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Moonlight: No Such Thing as Vampires

“The food is mouthing off about the farmer.”

Due to popular demand—and our first annual Vampire Month—Billie and I are going to alternate reviews of Moonlight. We drew straws, and I wound up with the pilot. Once I looked it up on Netflix, though, I realized something. Something important. I’ve actually seen this episode before. I just forgot all about it.

Why? Well, the pilot isn’t that great. It does the necessary work of introducing us to all the major characters as well as the probable season-long arc of Mick’s vampire ex-wife. It has some great location shots, and the actors are beautiful people. But it also seems highly derivative: Mick, our hero, seems to have recovered Angel’s car from the alley behind the Hyperion, as well as his PI license; Beth, our heroine, looks frighteningly like Elizabeth Rohm; Kevin Wiseman is the gadget guy, just like on Alias. Even Jason Dohring’s Josef didn’t do much for me, and I love Jason Dohring.

I’m getting ahead of myself, though. Mick St. John (Alex O’Loughlin) is a 90-year-old vampire PI in Los Angeles. He’s on the wagon and lives off “retail blood” that he gets from his vampire-guy at the morgue. He also has been stalking—but not in a creepy way—Beth, whom he rescued from his ex-wife’s clutches back in the eighties. Beth is played by Sophie Myles, who was the titular "Girl in the Fireplace" in Season Two Doctor Who, in which she was stalked—but not in a creepy way—by an immortal PI... I mean, um, Time Lord.

Mick and Beth start to develop a relationship during their first shared case, the disappearance of a Hearst College student. (I guess Veronica Mars was busy this week.) Beth, a reporter for BuzzWire, is pursuing the story to further her career, and out of the goodness of her heart. Mick is pursuing the case to please Josef, the oldest vampire in LA (which seems to give him say-so over Mick’s life), to protect Beth, and to cover for vampires everywhere.

Those vampires need help because the victim appears to have been bitten by a vampire, and belonged to a school-sanctioned vampire cult run by a professor who has managed to keep his tenure despite sleeping with his students and sharing his blood with them. Oh, and he holds a study group in the boiler room. (What college still has a boiler room?) The surprise twist, of course, is that the grad student did it. This is not really a surprise, as the grad student is always the bad guy. Who can trust those smart-alecky wannabes with no apparent jobs?

Snark aside, I’m not dreading this summer reviewing project. I suspect the show will get better, because people seem to like it so very much. It does a great job with the noir atmosphere, and all the actors have lots of promise. I assume it’s a case-of-the-week kind of thing, yes? Well, I guess we’ll find out.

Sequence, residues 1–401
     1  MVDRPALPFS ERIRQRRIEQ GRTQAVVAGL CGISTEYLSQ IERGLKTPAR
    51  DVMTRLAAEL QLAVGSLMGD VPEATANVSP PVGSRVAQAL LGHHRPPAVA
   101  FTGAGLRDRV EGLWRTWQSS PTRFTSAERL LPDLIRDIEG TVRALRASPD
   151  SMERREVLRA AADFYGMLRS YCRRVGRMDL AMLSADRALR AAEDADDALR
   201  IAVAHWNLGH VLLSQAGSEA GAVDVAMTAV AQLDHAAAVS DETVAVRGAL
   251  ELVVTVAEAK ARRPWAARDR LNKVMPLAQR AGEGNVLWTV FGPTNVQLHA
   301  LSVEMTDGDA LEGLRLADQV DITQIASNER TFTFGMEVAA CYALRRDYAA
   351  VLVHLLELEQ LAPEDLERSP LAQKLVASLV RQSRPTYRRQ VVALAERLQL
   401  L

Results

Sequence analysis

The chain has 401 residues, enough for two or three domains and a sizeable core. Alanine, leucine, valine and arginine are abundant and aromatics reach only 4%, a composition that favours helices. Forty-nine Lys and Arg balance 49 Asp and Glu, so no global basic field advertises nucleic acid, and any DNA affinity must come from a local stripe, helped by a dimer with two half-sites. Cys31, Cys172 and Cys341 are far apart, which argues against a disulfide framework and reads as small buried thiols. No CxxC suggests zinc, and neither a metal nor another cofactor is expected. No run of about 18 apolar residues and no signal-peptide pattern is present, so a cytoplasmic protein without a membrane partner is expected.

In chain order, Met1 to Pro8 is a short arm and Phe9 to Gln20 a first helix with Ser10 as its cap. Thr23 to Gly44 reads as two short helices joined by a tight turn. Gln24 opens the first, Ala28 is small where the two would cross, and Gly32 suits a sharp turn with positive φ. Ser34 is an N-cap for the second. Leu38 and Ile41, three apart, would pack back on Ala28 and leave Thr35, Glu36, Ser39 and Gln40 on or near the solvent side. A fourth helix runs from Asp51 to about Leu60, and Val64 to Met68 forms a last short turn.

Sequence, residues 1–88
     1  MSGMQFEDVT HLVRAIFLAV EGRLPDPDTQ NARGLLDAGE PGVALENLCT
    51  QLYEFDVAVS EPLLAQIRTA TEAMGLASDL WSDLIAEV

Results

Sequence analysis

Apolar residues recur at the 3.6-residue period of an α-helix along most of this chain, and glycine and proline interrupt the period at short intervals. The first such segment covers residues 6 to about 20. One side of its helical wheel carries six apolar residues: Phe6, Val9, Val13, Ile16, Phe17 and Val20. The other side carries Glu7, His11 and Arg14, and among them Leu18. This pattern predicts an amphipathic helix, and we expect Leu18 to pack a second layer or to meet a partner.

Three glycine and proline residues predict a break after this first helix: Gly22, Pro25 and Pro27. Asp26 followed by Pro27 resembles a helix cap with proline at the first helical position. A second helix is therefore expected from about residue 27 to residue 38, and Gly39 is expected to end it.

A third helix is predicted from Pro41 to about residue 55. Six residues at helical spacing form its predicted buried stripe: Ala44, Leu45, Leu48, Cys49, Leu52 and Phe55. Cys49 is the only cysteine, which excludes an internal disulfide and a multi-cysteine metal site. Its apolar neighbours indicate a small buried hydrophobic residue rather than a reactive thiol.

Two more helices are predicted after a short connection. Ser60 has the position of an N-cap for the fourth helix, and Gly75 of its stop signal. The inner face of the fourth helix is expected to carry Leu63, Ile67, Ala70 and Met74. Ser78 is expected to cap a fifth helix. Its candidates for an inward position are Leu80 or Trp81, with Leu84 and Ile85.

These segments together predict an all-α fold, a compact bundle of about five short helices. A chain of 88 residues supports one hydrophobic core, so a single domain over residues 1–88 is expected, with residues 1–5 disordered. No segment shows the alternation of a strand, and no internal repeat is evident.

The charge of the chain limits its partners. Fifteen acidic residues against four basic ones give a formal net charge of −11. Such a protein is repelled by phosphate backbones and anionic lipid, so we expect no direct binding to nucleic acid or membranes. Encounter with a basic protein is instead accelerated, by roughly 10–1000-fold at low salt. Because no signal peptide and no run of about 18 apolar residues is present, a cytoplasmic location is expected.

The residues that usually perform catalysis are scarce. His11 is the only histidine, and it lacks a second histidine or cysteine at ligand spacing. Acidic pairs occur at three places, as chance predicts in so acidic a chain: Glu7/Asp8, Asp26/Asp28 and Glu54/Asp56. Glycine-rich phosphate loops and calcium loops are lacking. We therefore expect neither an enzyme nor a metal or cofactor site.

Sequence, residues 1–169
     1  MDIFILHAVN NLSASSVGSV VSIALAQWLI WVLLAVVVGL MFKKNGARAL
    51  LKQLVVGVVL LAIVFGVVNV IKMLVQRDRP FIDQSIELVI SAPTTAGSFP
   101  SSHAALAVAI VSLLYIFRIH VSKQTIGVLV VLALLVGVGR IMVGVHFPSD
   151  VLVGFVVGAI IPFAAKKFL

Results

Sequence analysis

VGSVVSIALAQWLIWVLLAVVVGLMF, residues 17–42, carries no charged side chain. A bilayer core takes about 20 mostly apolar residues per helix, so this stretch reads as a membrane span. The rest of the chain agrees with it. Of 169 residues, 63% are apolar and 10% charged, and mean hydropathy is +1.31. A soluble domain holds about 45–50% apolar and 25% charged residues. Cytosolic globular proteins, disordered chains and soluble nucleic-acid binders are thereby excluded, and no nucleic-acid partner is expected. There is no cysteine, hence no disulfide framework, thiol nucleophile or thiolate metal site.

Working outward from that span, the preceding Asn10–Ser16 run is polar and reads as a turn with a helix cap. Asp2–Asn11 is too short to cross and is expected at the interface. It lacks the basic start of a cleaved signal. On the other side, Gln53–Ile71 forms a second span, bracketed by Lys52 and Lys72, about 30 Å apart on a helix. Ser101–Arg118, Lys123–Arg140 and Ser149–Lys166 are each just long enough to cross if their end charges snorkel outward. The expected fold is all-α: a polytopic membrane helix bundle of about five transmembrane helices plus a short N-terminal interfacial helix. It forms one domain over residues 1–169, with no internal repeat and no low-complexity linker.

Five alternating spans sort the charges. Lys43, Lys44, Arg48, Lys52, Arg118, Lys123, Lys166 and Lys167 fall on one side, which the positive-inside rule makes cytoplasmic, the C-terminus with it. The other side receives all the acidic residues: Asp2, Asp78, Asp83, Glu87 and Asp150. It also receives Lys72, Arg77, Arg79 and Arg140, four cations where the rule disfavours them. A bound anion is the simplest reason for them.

• Mythical anthropology? What is that, exactly?

• Mick on the roof. He’s good on roofs.

• The girl was laid out in the fountain by the Pacific Design Center, so “Murder on Melrose” actually would have been accurate. And the detective that Beth talked to was eating at a restaurant on Santa Monica Blvd. near Robertson, which isn’t far from there, and is almost across the street from the West Hollywood Sheriff’s station.

• In this universe, vampires like garlic, are visible in mirrors, aren’t scared of crucifixes, and can only be killed by a flamethrower or decapitation. Sunlight makes them weak, but they won’t explode. And they sleep in freezers. Or maybe that’s just Mick’s thing.

• Did the professor look familiar? He was Dracula in "Buffy vs. Dracula." (Thanks, Billie!)

And Pieces:

• Mick: “When I was turned into a vampire, all my senses were heightened to eleven.” And then my drummer friends spontaneously combusted.

• The Wife: “He can be very charming. Like a snake.” I am not easily charmed by snakes. But I do have issues. I admit that.

• The Professor: “We have all fed on blood... in the womb, our first meal is blood. We feed in darkness. There is no time. There’s no life; there’s no death. It is a perfect world, seemingly everlasting—until we are ripped from the womb into daylight. When we are born, that paradise is lost. And we spend the rest of our days trying to find our way back, back to that perfect world, of blood and darkness.” Freud, gone wrong. Which is, like, wrong squared.

• Josef: “I know you have morals and scruples, and that’s fine.” Actually, I’m tempted to quote Josef’s and Mick’s entire conversation in Mick’s apartment.

Two out of four grad students.

Josie Kafka is a full-time cat servant and part-time rogue demon hunter. (What's a rogue demon?)


  1. Nothing can keep you guys away from vampire shows! ;)

    I love all those links in the review, no need to explain all the references this way. That's something that should stay.

  2. Actually, I’m tempted to quote Josef’s and Mick’s entire conversation in Mick’s apartment. Yes, I agree. My favorites were "What is it, like nonfat soy vegan blood?" and the bit about the Snoop Dogg chalice.

    Nice review, Josie. It's going to be fun tagteam reviewing another show with you.


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